Hella ECKARDT - OUT OF STOCK / EPUISE Illuminating Roman Britain
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A wide range of evidence for artificial lighting has survived from the Roman period in Britain. This book provides the first catalogue of all clay and metal lamps, lampholders and candlesticks found in Roman Britain and offers a typological, chronological and spatial analysis of this material. The book provides an illustrated catalogue as well as distribution maps for all major types.
The volume also aims to achieve a fuller understanding of artificial lighting in Roman Britain by placing lamps and candlesticks into their wider social and economic context. The concept that identity is constructed and negotiated through the daily and ritual use of objects is employed here to examine the ways in which a particular group of material culture – lighting equipment – may relate to Romano-British identities. The continual need for fuel clearly has implications beyond the mere acquisition of imported objects and the presence of lamps on a site can also be understood to relate to specific cultural practices and active social behaviour. Identity and status in Roman Britain are defined through the use of this very “Roman” object.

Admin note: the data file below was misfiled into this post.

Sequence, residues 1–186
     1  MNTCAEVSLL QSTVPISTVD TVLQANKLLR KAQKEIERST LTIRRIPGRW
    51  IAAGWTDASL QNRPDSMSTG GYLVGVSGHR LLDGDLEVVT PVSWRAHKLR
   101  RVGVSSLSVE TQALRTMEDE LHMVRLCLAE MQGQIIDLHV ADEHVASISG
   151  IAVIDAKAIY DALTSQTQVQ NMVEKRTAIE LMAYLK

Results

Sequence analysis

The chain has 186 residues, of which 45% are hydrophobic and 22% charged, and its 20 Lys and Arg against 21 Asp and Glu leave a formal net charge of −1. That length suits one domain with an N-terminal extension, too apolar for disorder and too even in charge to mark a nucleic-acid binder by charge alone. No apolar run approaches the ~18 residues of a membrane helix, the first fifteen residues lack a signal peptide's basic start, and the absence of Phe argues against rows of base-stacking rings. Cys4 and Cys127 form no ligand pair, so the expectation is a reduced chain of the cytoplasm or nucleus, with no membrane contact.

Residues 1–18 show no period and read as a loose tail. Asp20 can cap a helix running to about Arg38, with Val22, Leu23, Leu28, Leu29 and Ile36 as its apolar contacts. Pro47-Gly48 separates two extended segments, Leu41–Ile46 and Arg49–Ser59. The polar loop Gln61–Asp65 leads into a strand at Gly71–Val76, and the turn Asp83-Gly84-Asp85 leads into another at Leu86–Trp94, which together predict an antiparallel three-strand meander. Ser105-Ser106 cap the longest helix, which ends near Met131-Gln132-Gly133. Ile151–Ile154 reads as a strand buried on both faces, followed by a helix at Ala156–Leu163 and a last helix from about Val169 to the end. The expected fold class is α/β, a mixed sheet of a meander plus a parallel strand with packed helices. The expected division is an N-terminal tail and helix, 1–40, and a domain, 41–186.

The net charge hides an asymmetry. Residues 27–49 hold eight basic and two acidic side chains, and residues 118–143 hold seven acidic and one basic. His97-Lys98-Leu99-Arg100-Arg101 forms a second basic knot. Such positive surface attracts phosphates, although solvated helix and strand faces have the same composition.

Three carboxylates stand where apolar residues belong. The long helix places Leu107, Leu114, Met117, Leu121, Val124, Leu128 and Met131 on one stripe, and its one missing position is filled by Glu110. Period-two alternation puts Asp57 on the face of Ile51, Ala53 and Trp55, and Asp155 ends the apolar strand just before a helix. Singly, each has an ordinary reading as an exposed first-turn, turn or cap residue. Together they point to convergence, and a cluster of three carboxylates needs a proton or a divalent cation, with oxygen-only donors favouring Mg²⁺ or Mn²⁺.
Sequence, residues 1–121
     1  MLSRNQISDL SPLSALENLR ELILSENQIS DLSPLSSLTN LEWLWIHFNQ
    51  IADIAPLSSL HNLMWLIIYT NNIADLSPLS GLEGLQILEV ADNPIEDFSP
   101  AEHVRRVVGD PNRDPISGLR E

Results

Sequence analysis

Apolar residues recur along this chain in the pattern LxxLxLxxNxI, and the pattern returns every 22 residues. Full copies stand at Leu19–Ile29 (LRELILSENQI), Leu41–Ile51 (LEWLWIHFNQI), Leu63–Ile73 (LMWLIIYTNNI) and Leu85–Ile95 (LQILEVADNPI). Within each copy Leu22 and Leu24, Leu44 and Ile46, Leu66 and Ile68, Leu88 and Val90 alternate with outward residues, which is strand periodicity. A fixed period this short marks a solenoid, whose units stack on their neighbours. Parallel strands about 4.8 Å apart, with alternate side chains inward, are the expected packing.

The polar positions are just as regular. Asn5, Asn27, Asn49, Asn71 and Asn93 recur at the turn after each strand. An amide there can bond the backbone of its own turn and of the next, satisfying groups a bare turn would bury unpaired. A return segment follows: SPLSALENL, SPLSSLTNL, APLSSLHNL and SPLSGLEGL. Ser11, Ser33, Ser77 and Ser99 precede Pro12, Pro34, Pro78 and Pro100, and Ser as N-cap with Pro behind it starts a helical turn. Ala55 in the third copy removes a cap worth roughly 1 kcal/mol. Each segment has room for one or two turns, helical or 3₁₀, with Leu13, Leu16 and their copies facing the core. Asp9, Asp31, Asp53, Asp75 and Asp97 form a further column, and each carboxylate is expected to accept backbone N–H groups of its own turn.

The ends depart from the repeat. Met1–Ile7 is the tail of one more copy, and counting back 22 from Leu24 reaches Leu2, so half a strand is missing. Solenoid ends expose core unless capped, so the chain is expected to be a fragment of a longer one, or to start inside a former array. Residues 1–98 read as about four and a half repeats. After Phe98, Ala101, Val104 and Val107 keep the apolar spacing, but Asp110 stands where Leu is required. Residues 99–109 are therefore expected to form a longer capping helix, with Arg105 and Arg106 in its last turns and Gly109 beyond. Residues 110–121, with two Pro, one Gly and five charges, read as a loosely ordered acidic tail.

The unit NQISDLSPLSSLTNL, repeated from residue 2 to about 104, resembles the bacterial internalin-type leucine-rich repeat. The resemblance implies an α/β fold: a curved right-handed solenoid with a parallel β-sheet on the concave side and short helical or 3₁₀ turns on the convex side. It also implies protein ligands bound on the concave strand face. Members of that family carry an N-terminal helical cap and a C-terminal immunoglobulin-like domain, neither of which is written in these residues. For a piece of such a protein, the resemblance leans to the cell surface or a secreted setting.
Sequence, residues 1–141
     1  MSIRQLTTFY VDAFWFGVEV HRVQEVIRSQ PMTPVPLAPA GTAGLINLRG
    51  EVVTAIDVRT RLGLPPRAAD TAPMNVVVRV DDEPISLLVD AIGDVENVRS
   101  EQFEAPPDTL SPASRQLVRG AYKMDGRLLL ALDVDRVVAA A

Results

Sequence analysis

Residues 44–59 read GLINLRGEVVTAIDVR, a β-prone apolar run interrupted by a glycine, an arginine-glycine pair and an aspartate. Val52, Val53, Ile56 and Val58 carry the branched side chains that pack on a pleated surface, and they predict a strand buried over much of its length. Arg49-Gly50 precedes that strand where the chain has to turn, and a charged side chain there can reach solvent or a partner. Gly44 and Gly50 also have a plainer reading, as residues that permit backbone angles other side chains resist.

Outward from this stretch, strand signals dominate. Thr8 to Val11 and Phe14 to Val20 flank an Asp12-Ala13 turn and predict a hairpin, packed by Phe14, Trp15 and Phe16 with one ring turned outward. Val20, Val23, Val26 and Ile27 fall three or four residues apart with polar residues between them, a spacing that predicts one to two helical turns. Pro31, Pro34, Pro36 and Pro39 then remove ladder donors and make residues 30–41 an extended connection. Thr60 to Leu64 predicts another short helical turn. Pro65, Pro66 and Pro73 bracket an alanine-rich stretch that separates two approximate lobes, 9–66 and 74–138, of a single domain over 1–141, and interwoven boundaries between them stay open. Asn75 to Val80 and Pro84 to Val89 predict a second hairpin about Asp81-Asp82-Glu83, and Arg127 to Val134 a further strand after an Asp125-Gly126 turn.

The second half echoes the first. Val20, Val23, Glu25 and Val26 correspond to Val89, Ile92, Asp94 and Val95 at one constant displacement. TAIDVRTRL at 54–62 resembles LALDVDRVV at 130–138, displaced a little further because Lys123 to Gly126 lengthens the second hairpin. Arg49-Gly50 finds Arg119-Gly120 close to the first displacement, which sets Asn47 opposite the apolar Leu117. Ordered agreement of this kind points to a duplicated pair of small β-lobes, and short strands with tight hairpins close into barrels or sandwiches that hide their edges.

Identities are continuously created and reworked by people and the ways in which the use of lighting equipment changes through time (and depending on the object’s raw material) form central parts of this book.
Other issues addressed include the evidence for local production and for the ritual use of lighting equipment as well as the question of whether the decoration on lamps affected the contexts in which they were used. The archaeological context of lighting equipment is studied on an intra-site, provincial and empire-wide level.